Fiona is an instructor based in Cornwall, employed also as an NHS physiotherapist.. She has written an article for readers of the website about Constraint Induced Movement Therapy. It has got a very strong research base behind it. Please seek it out if you can, or try and find a way to do something at home which will give an approximation of the home-based paradigm.
Constraint Induced Movement Therapy: A Discussion.
Stroke is a major health problem in the UK with the National Institute for Health and Clinical Excellence (NICE) indicating that more than 900,000 people in the UK are living with the effects of a stroke with half of these being dependent on others for help with everyday living (NICE, 2008).
Stroke is defined by the World Health Organization as a clinical syndrome consisting of ‘rapidly developing clinical signs of focal (at times global) disturbance of cerebral function, lasting more than 24 hours or leading to death with no apparent cause other than that of vascular origin’,(WHO, 2003). 6.2 million people in the world had a stroke in 2010 and with high incidence rates and differing levels of stroke effects, patients must be taken into account when health professionals start the road of rehabilitation in a specialist stroke unit (NICE, 2008). Early mobilisation is recommended as part of a management programme for each patient to ensure the best long term outcomes and reducing the level of dependency (Sassoon, 2002).
Different treatment options are available to health professionals to use in adjunct with more traditional rehabilitation, such as Constraint Induced Movement Therapy (CIMT). CIMT is based on initial research by Dr Edward Tuab in the late 1970’s and 1980’s and initially involved using primates to test his theories (Grotta et al, 2004). It is a fairly new concept and is used primarily with stroke survivors (Miltner et al, 1999). CIMT takes the theory of “learned non-use” which is developed in the early stages following a stroke, where the stroke survivor begins to rely on the non-impaired limb and decreases the use of the impaired limb which can result in reduced functional recovery of the impaired limb (Grotta et al, 2004).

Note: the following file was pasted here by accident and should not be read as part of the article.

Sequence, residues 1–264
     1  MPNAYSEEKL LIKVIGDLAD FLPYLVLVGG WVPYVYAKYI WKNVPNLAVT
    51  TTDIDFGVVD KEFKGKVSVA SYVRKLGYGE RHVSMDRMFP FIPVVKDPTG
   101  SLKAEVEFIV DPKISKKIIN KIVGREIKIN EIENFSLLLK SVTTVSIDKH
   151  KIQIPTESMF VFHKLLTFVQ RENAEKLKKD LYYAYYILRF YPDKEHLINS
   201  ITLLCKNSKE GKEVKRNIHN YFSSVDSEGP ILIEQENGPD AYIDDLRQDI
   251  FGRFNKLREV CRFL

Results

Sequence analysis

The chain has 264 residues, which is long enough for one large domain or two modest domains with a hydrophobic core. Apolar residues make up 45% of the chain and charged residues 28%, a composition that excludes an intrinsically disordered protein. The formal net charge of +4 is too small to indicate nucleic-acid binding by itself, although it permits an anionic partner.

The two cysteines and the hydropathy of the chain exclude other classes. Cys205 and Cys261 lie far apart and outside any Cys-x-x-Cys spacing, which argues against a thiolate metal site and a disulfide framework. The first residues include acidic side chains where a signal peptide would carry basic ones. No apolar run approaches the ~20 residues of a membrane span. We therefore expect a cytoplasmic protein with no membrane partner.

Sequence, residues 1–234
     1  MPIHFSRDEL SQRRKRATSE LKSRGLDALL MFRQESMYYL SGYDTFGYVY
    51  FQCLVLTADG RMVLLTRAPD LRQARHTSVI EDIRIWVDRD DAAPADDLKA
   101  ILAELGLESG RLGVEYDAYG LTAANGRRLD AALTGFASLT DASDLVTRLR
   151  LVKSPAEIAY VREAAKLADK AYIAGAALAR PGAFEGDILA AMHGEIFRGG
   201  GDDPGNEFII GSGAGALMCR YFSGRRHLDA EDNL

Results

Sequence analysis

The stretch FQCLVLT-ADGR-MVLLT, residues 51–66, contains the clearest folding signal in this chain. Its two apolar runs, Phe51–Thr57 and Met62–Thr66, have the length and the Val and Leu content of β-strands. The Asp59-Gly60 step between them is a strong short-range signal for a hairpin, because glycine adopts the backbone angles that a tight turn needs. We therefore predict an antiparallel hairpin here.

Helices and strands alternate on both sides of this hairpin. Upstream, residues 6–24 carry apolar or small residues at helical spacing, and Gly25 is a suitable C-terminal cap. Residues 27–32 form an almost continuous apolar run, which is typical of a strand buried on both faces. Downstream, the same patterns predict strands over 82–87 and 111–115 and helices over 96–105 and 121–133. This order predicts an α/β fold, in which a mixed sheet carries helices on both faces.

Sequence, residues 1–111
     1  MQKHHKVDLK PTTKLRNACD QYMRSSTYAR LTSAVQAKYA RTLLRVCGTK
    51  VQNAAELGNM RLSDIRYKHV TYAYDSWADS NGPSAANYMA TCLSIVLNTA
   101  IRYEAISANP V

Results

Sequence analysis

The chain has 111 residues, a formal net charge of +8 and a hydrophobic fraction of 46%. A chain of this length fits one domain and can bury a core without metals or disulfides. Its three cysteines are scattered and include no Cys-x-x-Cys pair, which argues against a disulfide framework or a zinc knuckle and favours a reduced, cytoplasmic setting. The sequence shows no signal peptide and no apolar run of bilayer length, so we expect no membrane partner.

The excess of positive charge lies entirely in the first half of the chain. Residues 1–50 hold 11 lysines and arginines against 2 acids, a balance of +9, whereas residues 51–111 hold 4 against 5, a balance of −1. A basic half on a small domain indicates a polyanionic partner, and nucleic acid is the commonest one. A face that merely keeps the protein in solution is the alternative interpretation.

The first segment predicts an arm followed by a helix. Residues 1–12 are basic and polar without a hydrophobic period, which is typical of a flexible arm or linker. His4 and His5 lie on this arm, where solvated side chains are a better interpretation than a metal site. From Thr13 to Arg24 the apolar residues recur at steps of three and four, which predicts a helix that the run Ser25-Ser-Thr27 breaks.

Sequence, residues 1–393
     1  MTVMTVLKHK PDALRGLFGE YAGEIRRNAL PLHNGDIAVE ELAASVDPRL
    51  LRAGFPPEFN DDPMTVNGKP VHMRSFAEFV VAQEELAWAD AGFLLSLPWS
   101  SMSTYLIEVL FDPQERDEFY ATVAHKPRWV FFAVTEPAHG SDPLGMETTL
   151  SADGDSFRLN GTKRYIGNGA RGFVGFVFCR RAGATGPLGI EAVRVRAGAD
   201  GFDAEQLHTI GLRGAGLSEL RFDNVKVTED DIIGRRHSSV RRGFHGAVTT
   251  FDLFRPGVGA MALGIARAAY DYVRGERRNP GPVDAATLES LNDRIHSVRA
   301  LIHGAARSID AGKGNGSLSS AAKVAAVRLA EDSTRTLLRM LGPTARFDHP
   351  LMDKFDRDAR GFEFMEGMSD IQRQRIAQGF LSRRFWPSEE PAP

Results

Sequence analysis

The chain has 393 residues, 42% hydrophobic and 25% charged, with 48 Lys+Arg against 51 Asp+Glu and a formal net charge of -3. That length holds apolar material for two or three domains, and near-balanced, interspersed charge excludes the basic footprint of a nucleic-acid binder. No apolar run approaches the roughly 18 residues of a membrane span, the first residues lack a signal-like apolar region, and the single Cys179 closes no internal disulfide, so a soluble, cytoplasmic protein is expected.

The treatment involves constraining the non-impaired limb for a 2 week period thus encouraging the impaired limb to perform more motor functional tasks. By using repetition of functional tasks patients are taking advantage of neuroplasticity, where healthy brain cells take over the functions of damaged brain cells and form new neural pathways (Thulborn et al, 1999). This results in a previously difficult function becoming much easier and more refined. Most traditional rehabilitation treatment for upper limb hemiparesis focuses on compensatory strategies to promote independence by any means rather than restoration of upper limb function (Dromerick et al, 2000). This results in stroke survivors being taught to use the non-impaired upper limb and reinforces the ‘learned non-use’ theory. In contrast CIMT takes the non-impaired upper limb out of use and encourages the use of the impaired arm to complete any functional tasks.
One advantage to using CIMT is that it allows the stroke survivor to take control of their rehabilitation. Once the method of constraint has been set up the stroke survivor can take part in therapy led functional task sessions and independent activities. During these sessions functional tasks such as combing their hair, brushing their teeth, opening and shutting cupboards can be practiced. As the constraint needs to be on for approximately 90% of the stoke survivor’s waking hours (Wolf et al, 2006) there most likely would not be scope for the stoke survivor to spend the entire time with therapist on a stroke unit. This means that the stroke survivor would need to spend some individual time practising motor tasks that would be safe to do. However on the other hand stroke survivors might lack motivation to continue with CIMT if they are not appropriately guided as it can be quite difficult to keep momentum going especially if the stroke survivor has other stroke effects also (Grotta et al, 2004).
The time requirements for CIMT treatment may cause a disadvantage as research has recommended that the non-impaired limb be constrained for 90% of waking hours for at least two weeks or it can be performed less intensely over a few weeks (Wolf et al, 2006). Again, stroke survivor’s need to be in agreement with the treatment principles and commit to the programme to see any benefits emerge. However for such an intense treatment option it could be argued that also bringing the stroke survivor’s friends and family on board with the programme would be of great benefit. It is recognised that it is important to keep good effective communication between health professionals and family and friends (NICE, 2005).